Document Type

Capstone Project (Open Access)

Degree Name

Bachelor of Arts (B.A.)


Humanities & Communication


Humanities and Communication

First Advisor

Phuong Nguyen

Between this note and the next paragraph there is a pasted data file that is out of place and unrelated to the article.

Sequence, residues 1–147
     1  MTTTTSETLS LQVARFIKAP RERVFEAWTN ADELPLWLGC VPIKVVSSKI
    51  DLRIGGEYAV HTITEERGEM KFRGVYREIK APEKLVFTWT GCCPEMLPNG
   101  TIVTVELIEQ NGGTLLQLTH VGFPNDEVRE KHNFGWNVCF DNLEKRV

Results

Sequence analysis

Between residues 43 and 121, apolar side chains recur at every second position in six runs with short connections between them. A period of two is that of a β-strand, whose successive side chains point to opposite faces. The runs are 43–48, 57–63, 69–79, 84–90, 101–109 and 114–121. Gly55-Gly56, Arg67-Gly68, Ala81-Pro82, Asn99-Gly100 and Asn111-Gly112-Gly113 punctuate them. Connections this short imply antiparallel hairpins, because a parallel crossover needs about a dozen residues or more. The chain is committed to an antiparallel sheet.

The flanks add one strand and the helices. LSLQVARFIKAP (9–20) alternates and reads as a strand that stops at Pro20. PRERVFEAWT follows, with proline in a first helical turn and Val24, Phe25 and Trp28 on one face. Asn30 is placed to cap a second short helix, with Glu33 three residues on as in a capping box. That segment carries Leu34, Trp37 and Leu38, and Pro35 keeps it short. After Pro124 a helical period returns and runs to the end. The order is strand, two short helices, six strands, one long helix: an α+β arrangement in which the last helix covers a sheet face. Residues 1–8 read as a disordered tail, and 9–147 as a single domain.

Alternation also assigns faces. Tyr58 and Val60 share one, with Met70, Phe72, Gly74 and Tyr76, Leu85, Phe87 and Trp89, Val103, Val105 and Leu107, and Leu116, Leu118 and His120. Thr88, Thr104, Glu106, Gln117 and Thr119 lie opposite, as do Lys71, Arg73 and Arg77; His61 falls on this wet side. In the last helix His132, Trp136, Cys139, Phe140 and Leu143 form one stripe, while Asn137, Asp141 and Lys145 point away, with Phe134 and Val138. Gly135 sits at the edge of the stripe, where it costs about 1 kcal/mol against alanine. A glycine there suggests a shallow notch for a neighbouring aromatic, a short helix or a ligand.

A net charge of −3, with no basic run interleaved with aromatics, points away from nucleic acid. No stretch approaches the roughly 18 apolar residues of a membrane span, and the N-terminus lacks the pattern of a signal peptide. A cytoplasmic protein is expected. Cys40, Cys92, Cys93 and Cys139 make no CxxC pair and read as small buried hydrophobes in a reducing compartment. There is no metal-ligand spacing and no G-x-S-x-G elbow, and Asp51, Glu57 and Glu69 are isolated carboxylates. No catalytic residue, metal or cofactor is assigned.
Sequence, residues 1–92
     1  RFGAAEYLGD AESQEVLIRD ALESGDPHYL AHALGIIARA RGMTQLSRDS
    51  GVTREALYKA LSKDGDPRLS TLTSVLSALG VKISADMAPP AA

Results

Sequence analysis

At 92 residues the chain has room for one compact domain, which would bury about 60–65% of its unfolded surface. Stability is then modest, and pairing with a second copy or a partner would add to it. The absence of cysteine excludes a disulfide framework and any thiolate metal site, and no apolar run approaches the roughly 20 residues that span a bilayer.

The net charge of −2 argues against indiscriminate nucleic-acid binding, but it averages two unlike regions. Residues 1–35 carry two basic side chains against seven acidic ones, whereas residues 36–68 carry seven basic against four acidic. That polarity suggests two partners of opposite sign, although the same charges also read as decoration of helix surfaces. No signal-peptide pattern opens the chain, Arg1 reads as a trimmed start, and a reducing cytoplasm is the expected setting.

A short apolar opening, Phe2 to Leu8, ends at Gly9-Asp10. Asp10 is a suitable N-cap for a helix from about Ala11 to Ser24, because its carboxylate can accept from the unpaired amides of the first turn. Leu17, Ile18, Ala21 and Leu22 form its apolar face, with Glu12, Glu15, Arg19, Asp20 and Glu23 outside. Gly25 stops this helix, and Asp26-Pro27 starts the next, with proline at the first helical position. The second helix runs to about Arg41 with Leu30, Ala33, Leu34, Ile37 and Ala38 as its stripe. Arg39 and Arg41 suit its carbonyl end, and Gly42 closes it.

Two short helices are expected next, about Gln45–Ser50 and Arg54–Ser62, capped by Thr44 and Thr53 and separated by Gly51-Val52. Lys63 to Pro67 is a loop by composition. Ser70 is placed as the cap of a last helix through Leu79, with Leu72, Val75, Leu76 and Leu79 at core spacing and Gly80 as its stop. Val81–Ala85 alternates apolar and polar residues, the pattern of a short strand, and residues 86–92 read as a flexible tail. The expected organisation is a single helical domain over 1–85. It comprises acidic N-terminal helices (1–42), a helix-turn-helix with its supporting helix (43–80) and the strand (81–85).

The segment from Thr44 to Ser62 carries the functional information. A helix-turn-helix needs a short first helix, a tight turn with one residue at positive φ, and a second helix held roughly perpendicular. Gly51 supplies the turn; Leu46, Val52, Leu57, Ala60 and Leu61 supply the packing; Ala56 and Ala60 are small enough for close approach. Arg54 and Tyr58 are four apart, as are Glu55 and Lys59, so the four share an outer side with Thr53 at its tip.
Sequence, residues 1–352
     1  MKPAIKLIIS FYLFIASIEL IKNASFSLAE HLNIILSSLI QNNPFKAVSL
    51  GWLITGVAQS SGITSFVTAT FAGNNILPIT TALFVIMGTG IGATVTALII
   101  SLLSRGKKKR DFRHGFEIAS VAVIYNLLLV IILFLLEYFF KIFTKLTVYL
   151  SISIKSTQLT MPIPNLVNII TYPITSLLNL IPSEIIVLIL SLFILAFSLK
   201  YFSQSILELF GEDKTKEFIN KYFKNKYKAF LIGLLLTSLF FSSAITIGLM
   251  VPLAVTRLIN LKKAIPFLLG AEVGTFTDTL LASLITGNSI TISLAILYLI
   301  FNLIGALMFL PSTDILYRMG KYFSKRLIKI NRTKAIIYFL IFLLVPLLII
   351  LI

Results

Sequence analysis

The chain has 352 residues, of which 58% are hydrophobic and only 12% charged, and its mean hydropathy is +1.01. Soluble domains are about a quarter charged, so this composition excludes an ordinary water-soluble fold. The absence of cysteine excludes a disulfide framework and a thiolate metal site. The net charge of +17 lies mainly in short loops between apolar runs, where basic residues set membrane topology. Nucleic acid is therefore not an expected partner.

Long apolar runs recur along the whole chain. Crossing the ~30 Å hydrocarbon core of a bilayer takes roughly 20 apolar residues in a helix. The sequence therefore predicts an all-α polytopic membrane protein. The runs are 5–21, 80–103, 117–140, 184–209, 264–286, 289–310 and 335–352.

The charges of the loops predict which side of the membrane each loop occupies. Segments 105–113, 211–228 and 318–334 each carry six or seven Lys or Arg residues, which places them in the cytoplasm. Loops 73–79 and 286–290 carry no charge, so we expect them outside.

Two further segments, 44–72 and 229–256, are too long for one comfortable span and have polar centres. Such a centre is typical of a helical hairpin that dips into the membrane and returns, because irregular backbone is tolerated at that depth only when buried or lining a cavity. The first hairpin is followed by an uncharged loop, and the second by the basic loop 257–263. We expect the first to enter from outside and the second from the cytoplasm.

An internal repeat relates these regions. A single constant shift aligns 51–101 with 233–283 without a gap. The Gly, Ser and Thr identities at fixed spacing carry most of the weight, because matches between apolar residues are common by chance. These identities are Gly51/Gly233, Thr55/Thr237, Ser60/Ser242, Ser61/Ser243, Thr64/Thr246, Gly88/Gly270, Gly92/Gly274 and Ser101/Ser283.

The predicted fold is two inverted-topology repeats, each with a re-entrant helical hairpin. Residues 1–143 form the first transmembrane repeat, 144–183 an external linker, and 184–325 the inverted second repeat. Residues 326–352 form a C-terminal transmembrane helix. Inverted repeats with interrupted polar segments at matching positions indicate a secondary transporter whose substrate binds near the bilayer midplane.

The creation and facilitation of community among LGBTQ+ people has always been necessary as a means of support, protection, and affirmation in a discriminatory society. The common perception of this community imagines the migration of people from rural areas to urban meccas like San Francisco and New York in search of likeminded people. However, the advent of new technology has allowed for community building and organizing to occur more easily without face-to-face contact. In this paper I utilize existing literature, including a large study on queer rural populations, and real-world examples such as the platform Tumblr to explore the evolution of queer community and identity via the internet since the late-nineties and early-aughts. Additionally, I examine both past and current technology usage in the LGBTQ+ community, particularly among populations that experience greater societal stigma due to identity, culture, or geography. This essay ultimately comes to three distinct conclusions: that the historical trajectory of the LGBTQ+ community made the internet an especially appropriate medium for activism and community building, that technology has created a clear divide between on- and off-line queer populations, and that the internet has altered both perception and performance of queerness.